Today, political discourse continues to talk about “our rights” as if they are self-evident and obvious. Everything is about our rights. But rights are anything but self-evident, as smart people before me have realized. Why isn’t anyone talking about that fact?
Part of the reason, of course, is that the Declaration of Independence asserts their self-evidence. However, even the Declaration, in Jefferson’s words, “holds” these truths to be self-evident, as if to say the basis of that assertion is a conviction rather than a certainty. It is a working position or starting point, a hypothesis, but nothing more. And the Declaration also declares”life, liberty and pursuit of happiness” to be “among these” self-evident rights. There are others that are not enumerated. Why were they not enumerated in the Declaration? Who gets to say what is included in them? Is the Bill of Rights their entire enumeration?
In fact, the concept of rights being “self-evident” was anchored in a natural rights political philosophy that reached back to the seventeenth century and earlier. Doubts that rights were natural and self-evident had already been articulated by David Hume, whom Jefferson had read, by the time Jefferson wrote the Declaration. And there is evidence that Jefferson may have harbored his own doubts about natural rights. (For a difference of opinion on this point, contrast, for example, Michael Zuckert’s Natural Rights and New Republicanism* with my own Schwartz, Liberty in America’s Founding Moment).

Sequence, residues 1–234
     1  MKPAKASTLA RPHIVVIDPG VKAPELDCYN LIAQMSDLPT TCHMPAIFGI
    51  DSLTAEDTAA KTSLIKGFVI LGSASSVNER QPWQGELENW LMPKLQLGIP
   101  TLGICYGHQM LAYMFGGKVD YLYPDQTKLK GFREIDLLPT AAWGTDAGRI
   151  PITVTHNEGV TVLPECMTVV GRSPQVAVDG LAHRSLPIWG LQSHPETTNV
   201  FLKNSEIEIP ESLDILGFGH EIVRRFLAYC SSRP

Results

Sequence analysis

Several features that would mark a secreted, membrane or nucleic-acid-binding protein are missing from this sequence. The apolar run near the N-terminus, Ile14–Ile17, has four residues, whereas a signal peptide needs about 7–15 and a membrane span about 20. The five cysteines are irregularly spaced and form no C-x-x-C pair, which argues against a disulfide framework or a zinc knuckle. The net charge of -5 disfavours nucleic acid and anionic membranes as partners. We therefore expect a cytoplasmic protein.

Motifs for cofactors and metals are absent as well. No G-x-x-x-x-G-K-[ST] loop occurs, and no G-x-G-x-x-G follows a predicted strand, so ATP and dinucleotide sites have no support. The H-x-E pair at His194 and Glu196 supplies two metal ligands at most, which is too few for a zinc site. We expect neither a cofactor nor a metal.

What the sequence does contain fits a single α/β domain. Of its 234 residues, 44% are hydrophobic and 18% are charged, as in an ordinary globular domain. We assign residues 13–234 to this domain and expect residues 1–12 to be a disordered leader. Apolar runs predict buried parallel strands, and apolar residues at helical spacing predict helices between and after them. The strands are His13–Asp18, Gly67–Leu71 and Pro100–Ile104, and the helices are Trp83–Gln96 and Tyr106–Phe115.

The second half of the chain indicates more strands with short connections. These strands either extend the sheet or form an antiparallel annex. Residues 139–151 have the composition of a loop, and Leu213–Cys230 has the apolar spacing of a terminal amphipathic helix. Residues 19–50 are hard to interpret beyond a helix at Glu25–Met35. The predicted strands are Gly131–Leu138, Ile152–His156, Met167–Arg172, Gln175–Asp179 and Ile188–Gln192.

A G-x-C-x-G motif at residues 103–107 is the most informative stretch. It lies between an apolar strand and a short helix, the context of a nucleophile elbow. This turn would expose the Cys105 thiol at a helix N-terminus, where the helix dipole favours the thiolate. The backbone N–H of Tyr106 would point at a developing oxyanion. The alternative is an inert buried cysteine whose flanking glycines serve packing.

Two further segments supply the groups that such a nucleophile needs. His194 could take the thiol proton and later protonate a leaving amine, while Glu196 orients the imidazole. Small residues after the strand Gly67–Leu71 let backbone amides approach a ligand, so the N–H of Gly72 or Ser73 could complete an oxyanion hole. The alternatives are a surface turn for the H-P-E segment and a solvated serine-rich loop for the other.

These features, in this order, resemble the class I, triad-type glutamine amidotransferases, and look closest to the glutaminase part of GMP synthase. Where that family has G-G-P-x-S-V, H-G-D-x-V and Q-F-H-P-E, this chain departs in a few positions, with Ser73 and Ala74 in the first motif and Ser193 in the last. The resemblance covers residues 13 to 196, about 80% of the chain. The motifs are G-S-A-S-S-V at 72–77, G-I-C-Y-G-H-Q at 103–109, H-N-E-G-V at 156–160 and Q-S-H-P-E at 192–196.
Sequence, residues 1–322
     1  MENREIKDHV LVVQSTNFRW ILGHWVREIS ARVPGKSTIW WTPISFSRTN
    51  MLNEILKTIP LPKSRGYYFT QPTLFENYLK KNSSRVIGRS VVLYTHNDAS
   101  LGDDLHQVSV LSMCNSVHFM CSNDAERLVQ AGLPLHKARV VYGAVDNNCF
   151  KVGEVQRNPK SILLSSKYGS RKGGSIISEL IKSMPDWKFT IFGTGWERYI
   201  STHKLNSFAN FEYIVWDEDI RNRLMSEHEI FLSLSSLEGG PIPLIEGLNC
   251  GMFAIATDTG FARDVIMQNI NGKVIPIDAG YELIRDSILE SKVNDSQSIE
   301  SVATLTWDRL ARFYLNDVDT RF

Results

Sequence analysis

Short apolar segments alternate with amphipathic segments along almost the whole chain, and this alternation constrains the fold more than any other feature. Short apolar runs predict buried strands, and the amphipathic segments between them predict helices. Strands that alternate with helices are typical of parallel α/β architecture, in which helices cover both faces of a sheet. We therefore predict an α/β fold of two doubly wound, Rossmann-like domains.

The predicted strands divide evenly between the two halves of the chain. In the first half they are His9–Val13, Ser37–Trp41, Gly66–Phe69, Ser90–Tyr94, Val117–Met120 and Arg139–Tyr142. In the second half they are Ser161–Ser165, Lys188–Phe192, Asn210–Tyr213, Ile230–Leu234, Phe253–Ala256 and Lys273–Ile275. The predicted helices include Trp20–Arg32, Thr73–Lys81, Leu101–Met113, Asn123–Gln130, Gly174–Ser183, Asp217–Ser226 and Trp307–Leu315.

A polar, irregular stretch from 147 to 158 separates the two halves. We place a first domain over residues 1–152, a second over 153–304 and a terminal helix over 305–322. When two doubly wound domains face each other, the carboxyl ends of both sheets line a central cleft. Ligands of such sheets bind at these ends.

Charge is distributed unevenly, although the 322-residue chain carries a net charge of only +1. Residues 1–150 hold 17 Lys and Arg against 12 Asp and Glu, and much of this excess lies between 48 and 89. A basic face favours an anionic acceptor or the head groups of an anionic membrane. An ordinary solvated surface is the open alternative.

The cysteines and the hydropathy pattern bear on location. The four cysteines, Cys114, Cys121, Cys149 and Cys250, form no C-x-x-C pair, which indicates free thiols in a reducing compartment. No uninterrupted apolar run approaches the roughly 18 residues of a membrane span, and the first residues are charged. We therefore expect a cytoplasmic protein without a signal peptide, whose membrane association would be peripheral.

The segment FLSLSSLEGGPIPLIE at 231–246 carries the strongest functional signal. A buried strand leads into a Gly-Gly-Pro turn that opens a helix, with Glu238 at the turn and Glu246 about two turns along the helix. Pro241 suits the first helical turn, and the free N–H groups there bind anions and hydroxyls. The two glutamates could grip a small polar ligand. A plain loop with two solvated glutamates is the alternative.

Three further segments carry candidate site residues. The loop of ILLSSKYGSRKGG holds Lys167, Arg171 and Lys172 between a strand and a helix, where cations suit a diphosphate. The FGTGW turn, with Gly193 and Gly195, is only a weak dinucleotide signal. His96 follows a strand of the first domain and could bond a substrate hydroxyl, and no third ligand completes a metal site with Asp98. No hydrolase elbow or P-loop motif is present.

Many interpreters of Jefferson think his philosophy of rights was anchored in the ideas of seventeenth century philosopher John Locke, as put forward in Locke’s The Second Treatise of Government. But even Locke’s commitment to the self-evidence of natural rights is less than self-evident. More on that topic to come later.
Even if Locke and Jefferson did not doubt the self-evidence of rights, it is clear from our own politics that rights are anything but self-evident. Indeed, one could argue that our politics are precisely an argument over what are rights are and are not.
Isn’t it time to talk about a politics that starts from the premise that we are in a process of always defining rights in light of our values and commitments? What those values and commitments are is what is at stake, not some self-evident set of rights that is transparent in nature. And if we recognize that rights are made, and not found, then we can reexamine those rights that have been codified in our Constitution and Bill of Rights but no longer acceptable. The second amendment would be a good place to start.